Building construction continues at UNA as officials prepare for more projects

Steel frames remain exposed on parts of a new residence hall Jan. 18. Assistant Vice President for Facilities Administration and Planning Michael Gautney said the first building will open in August with the second following in January.

People who spent time on campus recently most likely noticed the seas of white hard hats and yellow caution tape denoting several construction sites.

Officials said a cold weather snap earlier this month had minimal effects on the construction of the new science building and two new residence halls.

“The schedule seems to still be holding,” said Assistant Vice President for Facilities Administration and Planning Michael Gautney. “We’ve had a few issues with the exterior work because of the weather, rain and subfreezing temperatures, but everything should be made up over the long term.”

He said the contractors maintain two-week detailed schedules that are regularly updated. If the work falls behind or pulls ahead, the schedules are adjusted to ensure the projects stay on schedule, he said.

Officials said the science building project is expected to be completed soon, as the construction contract is active through mid-February.

Gautney said the work currently involves final checks to the ground floor and decorative projects on the second and third floors.

“All the mechanical, electrical and plumbing is finished,” he said. “We’re working on carpet and tile on the other floors. We still have to do the landscaping and sidewalks.”

Dean of the College of Arts and Sciences Carmen Burkhalter said the future of Floyd Hall will be determined by a committee headed by Gautney, but no decision has been made.

Biology professor Paul Kittle said the students and faculty in his department are thankful they will soon be in a new facility.

“Really, for the students, it’s just going to be a better environment,” Kittle said. “We have a terrible climate control system in Floyd. It’s either too hot or too cold. And, the new labs are going to be much more spacious.”

Senior Shawn Overton said he agrees the new science building will give students a more comfortable work area.

He said he has taken classes before in the building and temperatures were too high to be productive.

“It was really hard to get anything done, especially in the summer,” Overton said. “It was so hot we had to keep the windows open.”

Kittle said packing materials can be found in Floyd, as faculty are preparing for the move.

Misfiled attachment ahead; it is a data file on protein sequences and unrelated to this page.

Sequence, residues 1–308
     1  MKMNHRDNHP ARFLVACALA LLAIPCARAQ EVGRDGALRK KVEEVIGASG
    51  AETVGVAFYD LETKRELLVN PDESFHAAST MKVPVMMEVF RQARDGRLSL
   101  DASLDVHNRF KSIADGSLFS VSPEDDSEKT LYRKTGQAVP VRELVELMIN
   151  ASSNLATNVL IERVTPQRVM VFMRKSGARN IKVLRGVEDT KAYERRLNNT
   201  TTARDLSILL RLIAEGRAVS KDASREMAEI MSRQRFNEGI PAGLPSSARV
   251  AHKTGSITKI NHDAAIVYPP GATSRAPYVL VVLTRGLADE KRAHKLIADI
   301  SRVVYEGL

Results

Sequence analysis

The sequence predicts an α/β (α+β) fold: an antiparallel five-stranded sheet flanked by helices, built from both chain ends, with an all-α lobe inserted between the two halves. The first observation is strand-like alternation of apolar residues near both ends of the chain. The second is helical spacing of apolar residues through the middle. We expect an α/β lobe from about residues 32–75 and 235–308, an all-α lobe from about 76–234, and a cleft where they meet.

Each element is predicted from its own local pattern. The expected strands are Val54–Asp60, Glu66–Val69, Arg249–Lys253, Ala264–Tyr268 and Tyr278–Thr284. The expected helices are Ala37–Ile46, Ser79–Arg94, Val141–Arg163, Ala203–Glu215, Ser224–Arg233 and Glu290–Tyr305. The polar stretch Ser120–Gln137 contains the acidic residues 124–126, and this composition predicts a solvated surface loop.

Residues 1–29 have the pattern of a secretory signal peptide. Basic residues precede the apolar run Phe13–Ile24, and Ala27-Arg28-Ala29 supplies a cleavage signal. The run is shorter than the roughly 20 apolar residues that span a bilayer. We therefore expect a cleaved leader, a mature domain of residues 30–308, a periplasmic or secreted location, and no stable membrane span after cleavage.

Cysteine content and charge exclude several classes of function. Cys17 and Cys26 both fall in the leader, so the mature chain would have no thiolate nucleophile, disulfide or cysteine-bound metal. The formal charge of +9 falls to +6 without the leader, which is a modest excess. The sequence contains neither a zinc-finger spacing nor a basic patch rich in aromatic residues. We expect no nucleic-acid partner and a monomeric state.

“The professors are going to have some research space they don’t have currently,” he said. “It’ll be a place where students will want to stay.”

Kittle said more research space contributes to the classroom because students will now have more opportunities to interact with faculty research.

Overton said the extra space in the new building will benefit larger classes.

He said some of the classes he has taken in Floyd were cramped.

The construction of two new residence halls will provide new housing for about 760 students, replacing Rice and Rivers halls.

Vice President for Student Affairs David Shields indicated in an earlier interview the future of the two old halls has not yet been determined.

Gautney said the new halls remain on track for the first to open in August, coinciding with the implementation of a freshman live-on requirement.

The second building is expected to open January 2015.

Two indoor construction projects are also expected to begin soon, Gautney said.

Junior Kyle Crown and Sophomore James Gasque said the new halls will likely improve the campus landscape.

Students said the people who visit campus during SOAR in the summer would be more likely to choose to attend UNA if they stay in nicer residences.

Officials formerly announced renovation of the former University Bookstore in the GUC would begin during the 2014 fall semester. The project will create a new Student Engagement Center.

“We don’t have a schedule currently,” Gautney said. “We’re getting final drawings completed for the state to approve. We will start that project hopefully some time in March.”

The project is intended to create a larger, more welcoming environment for students, said Assistant Vice President for Student Affairs Tammy Jacques, in an earlier interview.

Vice President for Business and Financial Affairs Clinton Carter said the budget for the renovation is $250,000.

Gautney said the project will likely fall below that amount.

Crown said although the cost of the project is high, as long as the results benefit students, he is in favor.

“If RSO’s will have more space to work on posters and banners and projects like that, it will be better than the other office,” said Sophomore Nikki Lowery.

Officials also announced last fall the Norton Auditorium bathrooms would soon be renovated, and Gautney said the $160,000 project is expected to begin in August and be completed around mid-November, pending state approval.

Because the auditorium is used to host university events, construction schedules had to be planned based on when the building would be available, he said.

Officials said the budget for the project is $160,000, but Gautney anticipates costs could be higher.

“We’re actually having to add restrooms in Norton to meet building code requirements,” he said. We have to increase the number of toilets from six to 11 in the women’s restroom. The men’s doesn’t have the same requirements. There will be four toilets, and six urinals instead of three.”

Sophomore Emily Ownby said improving the bathrooms will make a better impression of campus to the community.

“I’ve heard alumni joke (the bathrooms) look like they did 30 years ago,” Ownby said. “I think if the money’s there and people are on board, the bathrooms should be updated, especially since community people use Norton for noncampus events.”

She said as the university expands, older buildings and facilities also need to be updated.